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Post Reply My SAY. If you could make your own political policies.
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Posted 22 days ago

ClothStatue wrote:


HolyDrumstick wrote:



Sure sure, but then you aren't protesting a split second decision made by an officer in a tough situation at all, you're protesting the courts, and that's something else entirely.

This isn't to discourage protesting, but to stop people from stirring up shit about the wrong shit.


I don't... agree with it per say, but I would tolerate if this carried at the very least two requirements (amendments if you will): A: body cameras on police at all times. B:The cameras would be retrieved by a designated court official traveling to the scene of the incident, the footage of such things being readily and publicly available and easily accessible within 24 hours, with all uncut footage from at least that day to prevent tampering or only showing partial footage.Strict, but the way I see it the added trouble will keep police from being trigger happy and then hiding behind the court, and we can instead invest in non lethal (or at least mostly non lethal) weapons and training for police officers; we spend far too much time with police at the gun range in this country and far too little in situation deescalation training.

That's actually fair, and I'm all for the body camera route. That protects innocent victims, regardless of if it is the cop or the suspect.

I would also go a step farther and state that body camera should constantly automatically wirelessly upload (maybe in small chunks) to a server, if the camera is not working properly, the officer must replace it immediately, while not acting as a law officer until the replacement is attached.

In such an incident, failure to produce body camera footage could be considered evidence of guilt of the officer, because there'd be very little excuse at that point.
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Posted 22 days ago
No one has commented on my economic policies. That makes me sad.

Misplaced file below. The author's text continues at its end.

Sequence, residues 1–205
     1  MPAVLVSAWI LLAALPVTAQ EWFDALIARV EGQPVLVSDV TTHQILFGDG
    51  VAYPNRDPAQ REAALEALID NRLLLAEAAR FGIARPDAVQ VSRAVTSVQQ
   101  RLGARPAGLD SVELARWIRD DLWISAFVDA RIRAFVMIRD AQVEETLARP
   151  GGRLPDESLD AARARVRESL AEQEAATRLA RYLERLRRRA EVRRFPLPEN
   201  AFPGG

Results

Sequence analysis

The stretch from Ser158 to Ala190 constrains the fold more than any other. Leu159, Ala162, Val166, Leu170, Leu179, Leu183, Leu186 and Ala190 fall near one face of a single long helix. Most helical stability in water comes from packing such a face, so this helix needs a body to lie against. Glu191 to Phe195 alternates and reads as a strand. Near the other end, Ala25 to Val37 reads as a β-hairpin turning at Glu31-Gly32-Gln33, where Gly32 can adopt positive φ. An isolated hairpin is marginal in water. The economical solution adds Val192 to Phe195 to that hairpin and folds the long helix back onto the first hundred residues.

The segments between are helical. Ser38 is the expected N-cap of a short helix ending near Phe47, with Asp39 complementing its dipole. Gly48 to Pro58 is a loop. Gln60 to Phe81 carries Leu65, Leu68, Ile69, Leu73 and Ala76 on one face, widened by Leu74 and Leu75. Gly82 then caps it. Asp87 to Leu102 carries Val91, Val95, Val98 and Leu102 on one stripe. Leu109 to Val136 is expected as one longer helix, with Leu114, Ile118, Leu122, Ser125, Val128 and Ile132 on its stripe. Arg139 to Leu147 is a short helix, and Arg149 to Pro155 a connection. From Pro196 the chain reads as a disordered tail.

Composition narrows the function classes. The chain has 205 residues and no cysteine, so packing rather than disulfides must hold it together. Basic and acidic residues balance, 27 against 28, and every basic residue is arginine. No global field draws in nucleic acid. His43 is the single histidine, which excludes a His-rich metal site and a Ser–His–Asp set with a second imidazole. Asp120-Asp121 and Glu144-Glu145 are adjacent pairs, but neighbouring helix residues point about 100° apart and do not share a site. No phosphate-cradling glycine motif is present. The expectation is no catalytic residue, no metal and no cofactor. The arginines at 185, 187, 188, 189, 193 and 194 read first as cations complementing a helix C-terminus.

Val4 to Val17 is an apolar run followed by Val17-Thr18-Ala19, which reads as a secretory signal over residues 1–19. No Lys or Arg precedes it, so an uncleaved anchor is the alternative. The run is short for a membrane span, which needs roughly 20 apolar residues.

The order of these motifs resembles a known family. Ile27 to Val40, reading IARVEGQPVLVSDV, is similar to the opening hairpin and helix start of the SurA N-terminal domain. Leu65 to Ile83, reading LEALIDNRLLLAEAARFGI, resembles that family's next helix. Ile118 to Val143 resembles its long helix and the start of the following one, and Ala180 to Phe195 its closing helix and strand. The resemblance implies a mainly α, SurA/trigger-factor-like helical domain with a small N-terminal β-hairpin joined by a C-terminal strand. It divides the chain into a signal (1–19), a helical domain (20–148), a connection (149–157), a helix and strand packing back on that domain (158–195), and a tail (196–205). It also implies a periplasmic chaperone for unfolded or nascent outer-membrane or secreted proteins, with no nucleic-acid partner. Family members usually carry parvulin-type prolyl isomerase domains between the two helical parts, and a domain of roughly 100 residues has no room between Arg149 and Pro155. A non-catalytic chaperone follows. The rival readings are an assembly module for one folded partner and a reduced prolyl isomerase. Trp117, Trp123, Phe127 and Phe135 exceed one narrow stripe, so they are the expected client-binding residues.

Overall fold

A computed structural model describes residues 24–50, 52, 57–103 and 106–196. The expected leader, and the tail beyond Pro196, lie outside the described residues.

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Posted 22 days ago

HolyDrumstick wrote:


ClothStatue wrote:


HolyDrumstick wrote:



Sure sure, but then you aren't protesting a split second decision made by an officer in a tough situation at all, you're protesting the courts, and that's something else entirely.

This isn't to discourage protesting, but to stop people from stirring up shit about the wrong shit.


I don't... agree with it per say, but I would tolerate if this carried at the very least two requirements (amendments if you will): A: body cameras on police at all times. B:The cameras would be retrieved by a designated court official traveling to the scene of the incident, the footage of such things being readily and publicly available and easily accessible within 24 hours, with all uncut footage from at least that day to prevent tampering or only showing partial footage.Strict, but the way I see it the added trouble will keep police from being trigger happy and then hiding behind the court, and we can instead invest in non lethal (or at least mostly non lethal) weapons and training for police officers; we spend far too much time with police at the gun range in this country and far too little in situation deescalation training.

That's actually fair, and I'm all for the body camera route. That protects innocent victims, regardless of if it is the cop or the suspect.

I would also go a step farther and state that body camera should constantly automatically wirelessly upload (maybe in small chunks) to a server, if the camera is not working properly, the officer must replace it immediately, while not acting as a law officer until the replacement is attached.

In such an incident, failure to produce body camera footage could be considered evidence of guilt of the officer, because there'd be very little excuse at that point.